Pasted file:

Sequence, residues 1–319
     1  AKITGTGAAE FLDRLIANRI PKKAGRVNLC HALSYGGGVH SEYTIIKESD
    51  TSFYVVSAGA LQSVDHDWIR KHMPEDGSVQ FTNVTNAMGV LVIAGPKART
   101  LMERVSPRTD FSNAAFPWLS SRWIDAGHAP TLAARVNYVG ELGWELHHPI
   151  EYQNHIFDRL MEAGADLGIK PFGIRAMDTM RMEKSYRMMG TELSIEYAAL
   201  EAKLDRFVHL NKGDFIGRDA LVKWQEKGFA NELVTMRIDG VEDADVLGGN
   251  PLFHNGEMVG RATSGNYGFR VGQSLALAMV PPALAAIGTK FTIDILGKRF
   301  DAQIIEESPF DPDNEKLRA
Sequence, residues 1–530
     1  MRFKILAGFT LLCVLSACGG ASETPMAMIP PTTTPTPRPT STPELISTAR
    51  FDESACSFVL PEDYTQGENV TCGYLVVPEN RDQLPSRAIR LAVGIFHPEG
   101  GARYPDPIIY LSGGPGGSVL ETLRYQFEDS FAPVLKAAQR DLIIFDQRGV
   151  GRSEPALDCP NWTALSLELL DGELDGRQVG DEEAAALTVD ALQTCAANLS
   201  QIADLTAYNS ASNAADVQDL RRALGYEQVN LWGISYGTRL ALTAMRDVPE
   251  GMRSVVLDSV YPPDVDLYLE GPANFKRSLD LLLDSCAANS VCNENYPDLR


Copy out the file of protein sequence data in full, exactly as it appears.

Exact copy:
Sequence, residues 1–319
     1  AKITGTGAAE FLDRLIANRI PKKAGRVNLC HALSYGGGVH SEYTIIKESD
    51  TSFYVVSAGA LQSVDHDWIR KHMPEDGSVQ FTNVTNAMGV LVIAGPKART
   101  LMERVSPRTD FSNAAFPWLS SRWIDAGHAP TLAARVNYVG ELGWELHHPI
   151  EYQNHIFDRL MEAGADLGIK PFGIRAMDTM RMEKSYRMMG TELSIEYAAL
   201  EAKLDRFVHL NKGDFIGRDA LVKWQEKGFA NELVTMRIDG VEDADVLGGN
   251  PLFHNGEMVG RATSGNYGFR VGQSLALAMV PPALAAIGTK FTIDILGKRF
   301  DAQIIEESPF DPDNEKLRA
Sequence, residues 1–530
     1  MRFKILAGFT LLCVLSACGG ASETPMAMIP PTTTPTPRPT STPELISTAR
    51  FDESACSFVL PEDYTQGENV TCGYLVVPEN RDQLPSRAIR LAVGIFHPEG
   101  GARYPDPIIY LSGGPGGSVL ETLRYQFEDS FAPVLKAAQR DLIIFDQRGV
   151  GRSEPALDCP NWTALSLELL DGELDGRQVG DEEAAALTVD ALQTCAANLS
   201  QIADLTAYNS ASNAADVQDL RRALGYEQVN LWGISYGTRL ALTAMRDVPE
   251  GMRSVVLDSV YPPDVDLYLE GPANFKRSLD LLLDSCAANS VCNENYPDLR